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pabigot

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Everything posted by pabigot

  1. Which code needs a tweak, and what is that tweak?
  2. Mine also fails. Common factor appears to be those who have no awards.
  3. msp430.h should be defining __MSP430_HAS_FLASH2__ if the device has that peripheral. It's almost never correct for user code to define any macro that begins or ends with two underscores: those belong to the implementation. (The right answer may be to include msp430.h, though MspFlash.h should be including everything it requires; if it doesn't that's a flaw in whatever provides MspFlash.h.)
  4. pabigot

    On Bit-Banding

    Thanks for the pointer; I was unaware of them. More information here. They're accessed in gcc through the ARM variants of the atomic builtins. Thus something like: (void)__atomic_fetch_or(&events_, flg, __ATOMIC_ACQUIRE); becomes something like: .L2: ldrex r1, [r3] orr r2, r1, r0 strex r4, r2, [r3] cmp r4, #0 bne .L2 dmb sy which looks to be about what your loop does. It appears this was designed for multiprocessor systems, not for protecting writes from interrupts. The instructions don't exist on Cortex-M0 b
  5. I'm don't know how you're getting multiple definitions (unless you still have that declaration in a header, in which case get rid of it or at least its interrupt attribute). However, I just tried a more complete example and AFAICT mspgcc is going to put the default weak definition before anything else in the link line (it comes from crt0ivtbl*.o). It's not obvious how to get the application/energia-specific object file before that, so I think you'd probably have to use -Wl,--undefined=__isr_53,--defsym=__isr_53=TA0_CCR_updater, which is not a weak definition, to override it. At that point
  6. Actually, it's a little trickier, since you actually want this thing to be a second weak definition: there's the one in crt0 that's the default, and the one provided by the alias. My expectation is that which weak one wins depends on the order they're encountered by the linker; you need to do a link with -v to see exactly what gets passed to collect. If you play with the order of the files you can get the right one to be selected. It'll be a bit fragile, though. In your case, mspgcc provides a weak definition for when no other implementation is available (case A). You want to provide a
  7. @@energia Good point. Remove the weak attribute, leaving the alias.
  8. @@energia Try this version. I remembered that if you don't provide a specific interrupt, I had decided to skip the global symbol part, with the idea that you need to put it into the vector table explicitly (which can be done with the weak alias). #include <msp430.h> __attribute__((__interrupt__)) void TA0_CCR_updater() { /* ... */ } void __isr_53 (void) __attribute__((__weak__,__alias__("TA0_CCR_updater")));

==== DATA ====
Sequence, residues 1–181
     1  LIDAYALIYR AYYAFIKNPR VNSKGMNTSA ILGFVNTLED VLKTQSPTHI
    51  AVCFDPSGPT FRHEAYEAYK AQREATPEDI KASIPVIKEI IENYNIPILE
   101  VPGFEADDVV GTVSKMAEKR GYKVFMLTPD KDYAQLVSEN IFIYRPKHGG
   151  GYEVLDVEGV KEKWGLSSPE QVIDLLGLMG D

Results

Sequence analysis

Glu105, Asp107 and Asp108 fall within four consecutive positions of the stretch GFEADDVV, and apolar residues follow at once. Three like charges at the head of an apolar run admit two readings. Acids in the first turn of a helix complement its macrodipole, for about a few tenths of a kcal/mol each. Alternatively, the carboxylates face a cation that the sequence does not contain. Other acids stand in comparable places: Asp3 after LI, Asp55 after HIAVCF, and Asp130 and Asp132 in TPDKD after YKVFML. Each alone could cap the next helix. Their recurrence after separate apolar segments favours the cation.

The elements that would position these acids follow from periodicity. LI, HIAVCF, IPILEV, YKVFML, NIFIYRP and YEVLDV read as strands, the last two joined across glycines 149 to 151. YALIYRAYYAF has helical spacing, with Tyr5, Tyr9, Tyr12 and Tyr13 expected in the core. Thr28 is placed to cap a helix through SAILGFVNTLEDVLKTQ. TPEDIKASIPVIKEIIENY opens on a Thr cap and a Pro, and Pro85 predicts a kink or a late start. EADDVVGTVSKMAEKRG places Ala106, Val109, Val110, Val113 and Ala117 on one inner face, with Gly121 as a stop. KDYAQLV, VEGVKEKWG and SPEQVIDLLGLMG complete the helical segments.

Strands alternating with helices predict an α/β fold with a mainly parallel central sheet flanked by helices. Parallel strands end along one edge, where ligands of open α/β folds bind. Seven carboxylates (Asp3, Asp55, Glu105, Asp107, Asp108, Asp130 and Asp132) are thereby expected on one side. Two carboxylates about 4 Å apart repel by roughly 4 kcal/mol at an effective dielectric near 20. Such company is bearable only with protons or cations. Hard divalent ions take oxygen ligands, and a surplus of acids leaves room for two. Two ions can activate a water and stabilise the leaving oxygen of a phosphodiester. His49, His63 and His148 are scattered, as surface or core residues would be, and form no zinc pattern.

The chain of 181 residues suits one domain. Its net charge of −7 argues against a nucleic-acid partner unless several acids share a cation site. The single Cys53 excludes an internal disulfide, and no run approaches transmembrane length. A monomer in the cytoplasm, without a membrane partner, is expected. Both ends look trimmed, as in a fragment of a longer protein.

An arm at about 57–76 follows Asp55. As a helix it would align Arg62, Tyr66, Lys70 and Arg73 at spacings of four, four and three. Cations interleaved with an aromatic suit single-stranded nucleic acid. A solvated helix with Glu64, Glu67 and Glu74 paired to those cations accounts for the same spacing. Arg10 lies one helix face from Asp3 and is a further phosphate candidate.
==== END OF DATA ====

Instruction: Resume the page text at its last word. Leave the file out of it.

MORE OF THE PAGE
9. I suspect that as long as the __interrupt__ attribute is used mspgcc will generate a non-weak global symbol corresponding to the specific interrupt. The only solution that comes immediately to mind is to not provide that attribute, but instead use the alias syntax with the required specific symbol, which would be something like: void TA0_CCR_updater () { } #if TIMER0_A0_VECTOR == 0x6A void __isr_53 (void) __attribute__((__weak__, __alias__("TA0_CCR_updater"))); #elif TIMER0_A0_VECTOR == 0x60 void __isr_48 (void) __attribute__((__weak__, __alias__("TA0_CCR_updater"))); #else ... #endif The I
  10. The 4.7 dev version of mspgcc which supports 20-bit addresses tried to support mixed memory models so code could be small with data large, or vice-versa, but GCC wasn't architected for that sort of thing so there can be issues. AFAIK the Red Hat port supports only everything-16-bit and everything-32-bit, with -mlarge having a pretty big impact on code and data size (all pointers and size_t become 32-bit). I don't have a lot of experience with it, though, since a feature I need that's in the CCS6 version still hasn't been made available in the upstream source repositories.
  11. You don't really need a separate declaration in a header; it should be enough to put __attribute__((__weak__)) on the definition of the function. I do this sort of thing in my Cortex-M infrastructure. If you do have both, it may be necessary that they be consistent. For mspgcc, the compiler detects that the function has an __interrupt__ attribute and adds a second name to the assembly source which corresponds to the name crt0 is looking for, with the value being the address of the handler. crt0 in turn has a weak definition for that symbol that resolves to the default handler, so you do ne